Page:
Fixing the annoying wet bridge deck
November 2006 --
After recoring and resurfacing
the cockpit sole, I need to put new non-skid down, and will put matching non-skid on the seats and bridge deck. Before that, though, I'm going to fix something that has been a constant annoyance.
Water drains down on either side of the companionway. In fact,
this drain handles all the water draining from the hood over the companionway
hatch, forward of the dodger.
So even with the cockpit completely covered,
rain water drains down under the awning.
In the picture to the right, you can see
the morning dew, draining right onto the place where one steps out first thing in the morning, and right where I want to sit and have a cup of coffee.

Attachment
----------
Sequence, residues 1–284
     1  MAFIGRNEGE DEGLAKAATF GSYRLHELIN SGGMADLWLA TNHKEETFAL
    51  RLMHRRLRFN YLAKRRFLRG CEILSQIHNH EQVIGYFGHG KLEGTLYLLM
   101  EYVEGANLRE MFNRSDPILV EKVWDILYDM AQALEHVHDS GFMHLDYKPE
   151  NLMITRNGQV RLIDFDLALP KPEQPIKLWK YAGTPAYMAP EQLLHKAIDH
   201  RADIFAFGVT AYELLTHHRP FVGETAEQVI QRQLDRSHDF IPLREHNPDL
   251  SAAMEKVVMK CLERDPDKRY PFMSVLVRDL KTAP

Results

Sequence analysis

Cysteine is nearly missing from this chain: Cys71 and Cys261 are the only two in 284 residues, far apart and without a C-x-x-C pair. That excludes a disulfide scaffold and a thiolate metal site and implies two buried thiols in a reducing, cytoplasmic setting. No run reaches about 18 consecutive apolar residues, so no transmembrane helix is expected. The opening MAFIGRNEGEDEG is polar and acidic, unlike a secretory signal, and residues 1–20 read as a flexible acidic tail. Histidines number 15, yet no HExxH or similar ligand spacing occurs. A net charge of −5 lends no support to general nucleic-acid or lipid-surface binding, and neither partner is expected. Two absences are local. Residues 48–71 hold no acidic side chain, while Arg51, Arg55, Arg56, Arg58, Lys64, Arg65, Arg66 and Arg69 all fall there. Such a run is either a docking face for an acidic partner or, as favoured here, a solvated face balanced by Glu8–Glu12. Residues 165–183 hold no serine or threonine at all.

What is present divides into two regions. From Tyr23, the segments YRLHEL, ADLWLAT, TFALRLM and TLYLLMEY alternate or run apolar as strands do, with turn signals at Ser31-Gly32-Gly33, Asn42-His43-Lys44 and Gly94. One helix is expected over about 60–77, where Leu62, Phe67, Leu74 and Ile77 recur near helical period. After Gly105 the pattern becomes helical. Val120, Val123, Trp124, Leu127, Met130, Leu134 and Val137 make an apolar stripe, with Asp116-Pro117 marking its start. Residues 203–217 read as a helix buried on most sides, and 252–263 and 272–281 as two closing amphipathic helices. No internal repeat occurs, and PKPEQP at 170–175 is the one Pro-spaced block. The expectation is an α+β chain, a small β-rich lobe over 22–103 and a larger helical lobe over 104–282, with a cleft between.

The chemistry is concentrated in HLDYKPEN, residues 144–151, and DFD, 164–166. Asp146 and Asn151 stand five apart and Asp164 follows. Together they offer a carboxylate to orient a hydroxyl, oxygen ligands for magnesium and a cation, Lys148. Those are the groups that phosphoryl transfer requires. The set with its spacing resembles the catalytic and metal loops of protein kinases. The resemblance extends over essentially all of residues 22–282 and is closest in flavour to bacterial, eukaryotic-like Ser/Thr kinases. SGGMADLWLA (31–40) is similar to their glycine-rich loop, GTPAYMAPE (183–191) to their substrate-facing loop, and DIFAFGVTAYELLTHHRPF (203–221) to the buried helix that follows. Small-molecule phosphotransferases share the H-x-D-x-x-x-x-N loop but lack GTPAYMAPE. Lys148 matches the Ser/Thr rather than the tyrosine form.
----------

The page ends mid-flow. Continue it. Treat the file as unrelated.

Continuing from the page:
Here's a picture of a puddle of water,
in case you've never seen one.
As an additional insult, the water doesn't
drain off of the bridge deck, but
just sits there in a big puddle
right in front of the companionway.
This means that one can't sit there when it's raining and drink coffee and read a book, and I'm always tracking water into the boat.
Here's the panel set in place. The outline was traced with a razor knife.
It will leave a channel around the edges, and water will drain away, leaving the bridge deck dry.
I traced out the outline of the non-skid
on the bridge deck,
and used the pattern
to cut a panel
of 1/8" thick
vinylester FRP from
The panel is set in place with West System epoxy, thickened up with colloidal silica to a mayonnaise consistency.
Now it's ready to be
painted with non-skid.
So, of course, my cockpit looks wierd until I put the non-skid down.
Heck, my cockpit has looked wierd for about
a year. But it's functional.
I want to be able to sail the boat.
Putting down the non-skid is a project for another day.